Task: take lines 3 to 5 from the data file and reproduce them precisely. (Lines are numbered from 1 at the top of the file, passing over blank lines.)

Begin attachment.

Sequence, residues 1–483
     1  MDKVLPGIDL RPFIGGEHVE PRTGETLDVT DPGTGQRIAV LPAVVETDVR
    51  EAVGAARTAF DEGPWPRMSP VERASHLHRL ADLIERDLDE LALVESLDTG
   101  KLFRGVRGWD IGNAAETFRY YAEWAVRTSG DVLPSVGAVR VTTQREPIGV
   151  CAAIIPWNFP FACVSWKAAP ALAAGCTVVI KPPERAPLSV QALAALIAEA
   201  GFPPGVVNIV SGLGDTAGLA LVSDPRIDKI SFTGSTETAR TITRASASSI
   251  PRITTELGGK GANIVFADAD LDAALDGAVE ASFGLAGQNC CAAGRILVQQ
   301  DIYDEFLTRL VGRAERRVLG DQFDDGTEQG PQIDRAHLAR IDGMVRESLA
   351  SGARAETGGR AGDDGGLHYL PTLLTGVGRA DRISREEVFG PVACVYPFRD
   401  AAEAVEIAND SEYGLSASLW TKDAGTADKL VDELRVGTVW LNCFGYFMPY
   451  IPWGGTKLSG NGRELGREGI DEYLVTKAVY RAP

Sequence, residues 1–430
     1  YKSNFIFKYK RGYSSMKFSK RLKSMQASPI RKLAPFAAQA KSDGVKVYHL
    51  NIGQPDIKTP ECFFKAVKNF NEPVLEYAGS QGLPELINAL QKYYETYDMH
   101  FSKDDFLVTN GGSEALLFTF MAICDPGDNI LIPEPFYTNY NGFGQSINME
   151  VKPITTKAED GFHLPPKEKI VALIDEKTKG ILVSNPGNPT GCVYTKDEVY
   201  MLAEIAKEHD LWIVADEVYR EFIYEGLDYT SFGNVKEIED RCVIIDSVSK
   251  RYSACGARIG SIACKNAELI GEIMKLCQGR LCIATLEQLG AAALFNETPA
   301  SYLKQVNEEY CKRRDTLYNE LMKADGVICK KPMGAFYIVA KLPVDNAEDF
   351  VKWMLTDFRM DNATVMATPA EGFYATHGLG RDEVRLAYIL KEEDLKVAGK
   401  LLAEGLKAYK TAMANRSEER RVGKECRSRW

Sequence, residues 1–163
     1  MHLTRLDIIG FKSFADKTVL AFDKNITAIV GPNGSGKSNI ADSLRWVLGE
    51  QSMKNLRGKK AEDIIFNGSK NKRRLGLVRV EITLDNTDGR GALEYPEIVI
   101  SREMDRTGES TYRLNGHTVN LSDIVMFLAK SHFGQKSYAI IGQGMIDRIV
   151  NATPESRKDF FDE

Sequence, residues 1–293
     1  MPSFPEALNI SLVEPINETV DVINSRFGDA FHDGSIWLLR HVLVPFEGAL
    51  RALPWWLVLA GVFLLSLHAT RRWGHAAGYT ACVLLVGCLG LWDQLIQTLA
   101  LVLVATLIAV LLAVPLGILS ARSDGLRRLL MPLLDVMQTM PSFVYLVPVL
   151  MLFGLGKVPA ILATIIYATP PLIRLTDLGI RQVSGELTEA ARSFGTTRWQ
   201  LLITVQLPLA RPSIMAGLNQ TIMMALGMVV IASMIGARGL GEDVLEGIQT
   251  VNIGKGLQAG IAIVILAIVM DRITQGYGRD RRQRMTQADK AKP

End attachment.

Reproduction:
    51  EAVGAARTAF DEGPWPRMSP VERASHLHRL ADLIERDLDE LALVESLDTG
   101  KLFRGVRGWD IGNAAETFRY YAEWAVRTSG DVLPSVGAVR VTTQREPIGV
   151  CAAIIPWNFP FACVSWKAAP ALAAGCTVVI KPPERAPLSV QALAALIAEA